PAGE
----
Mortgage brokers have given a mixed response to the mortgage-to-rent scheme.
The Irish Brokers’ Association described it as a “positive step” to help some families struggling with debt to remain in their homes. However, they insist that its acceptance criteria is too strict to be a successful solution to Ireland’s spiraling mortgage debt problem.
The IBA say that critically, other than voluntary surrender of the home, mortgage-to-rent is the only solution presently available to homeowners in serious distress and its successes will be limited in its current form.
According to Ciaran Phelan, CEO of the Irish Brokers Association “the current eligibility criteria are too narrow for many families whose homes are worth more than €220,000.”
He said: “Families with homes worth more than this limit are caught in limbo. It’s not practical to move to a lower value house simply to access the scheme as it’s extremely unlikely that the existing mortgage lender would facilitate the sale and repurchase of negativity equity properties, particularly where the family is in substantial arrears. In many areas of Dublin a modest three bed home would still be valued at €300,000 plus.
“While the decision of the Housing Minister Jan O’Sullivan to launch this scheme targeting low-income families should be applauded; after four years of recession, the scheme really needs to move past the trial period and develop more meaningful and realistic acceptance criteria.”
The Irish Brokers Association say that some 60 families are currently participating in the Mortgage-to-Rent scheme, which allows mortgage holders with no realistic possibility of ever being able to meet full repayments to continue to live in their home without the threat of repossession. It’s believed that two deals have actually closed, one with AIB and one with a foreign bank. The State pays about 30% of the costs.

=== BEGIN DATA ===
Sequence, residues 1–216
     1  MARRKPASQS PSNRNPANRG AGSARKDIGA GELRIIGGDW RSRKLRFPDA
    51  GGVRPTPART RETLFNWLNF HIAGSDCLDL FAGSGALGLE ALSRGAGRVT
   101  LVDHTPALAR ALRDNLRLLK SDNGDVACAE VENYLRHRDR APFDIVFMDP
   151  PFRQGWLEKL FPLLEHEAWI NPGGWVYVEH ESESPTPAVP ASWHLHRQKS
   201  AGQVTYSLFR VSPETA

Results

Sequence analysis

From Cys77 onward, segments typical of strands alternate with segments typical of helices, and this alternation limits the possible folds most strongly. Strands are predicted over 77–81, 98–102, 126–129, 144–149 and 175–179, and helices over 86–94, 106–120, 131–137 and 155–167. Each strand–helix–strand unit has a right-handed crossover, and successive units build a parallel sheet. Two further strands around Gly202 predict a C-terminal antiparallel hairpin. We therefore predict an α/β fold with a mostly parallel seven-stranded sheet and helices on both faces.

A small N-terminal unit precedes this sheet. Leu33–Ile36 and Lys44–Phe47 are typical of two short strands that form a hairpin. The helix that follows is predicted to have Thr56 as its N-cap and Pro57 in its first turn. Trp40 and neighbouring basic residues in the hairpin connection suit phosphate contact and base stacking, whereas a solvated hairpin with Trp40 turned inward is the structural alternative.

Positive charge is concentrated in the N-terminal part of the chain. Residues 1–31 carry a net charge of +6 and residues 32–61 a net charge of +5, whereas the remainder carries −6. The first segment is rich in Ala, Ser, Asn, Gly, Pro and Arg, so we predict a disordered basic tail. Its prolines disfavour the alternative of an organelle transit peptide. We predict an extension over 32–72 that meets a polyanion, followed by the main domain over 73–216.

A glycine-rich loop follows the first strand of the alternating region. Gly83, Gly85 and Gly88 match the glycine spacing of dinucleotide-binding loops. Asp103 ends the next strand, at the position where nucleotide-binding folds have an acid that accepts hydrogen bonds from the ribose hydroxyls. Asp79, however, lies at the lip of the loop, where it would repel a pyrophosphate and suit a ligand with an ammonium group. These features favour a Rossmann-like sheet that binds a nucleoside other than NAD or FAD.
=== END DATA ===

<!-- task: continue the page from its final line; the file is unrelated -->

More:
Mr Phelan went on to say: “The MTR usually offers the lender the market value of the property subject to a discount. There’s pain in this for everyone as the outstanding mortgage is generally far higher than the value of the property and with 1-2 years of arrears already built up, the lender is looking at writing off up to 50% of the overall debt.
“Mortgage lenders will generally have to write off the balance as the prospect of the lender recovering this element of the debt from a destitute family is close to zero.
“It’s still unclear as to where the funding is coming from for this scheme, but it seems to be one of the more logical and workable schemes to have come out of the mortgage crisis and if developed properly could help prevent many more families from losing their homes.”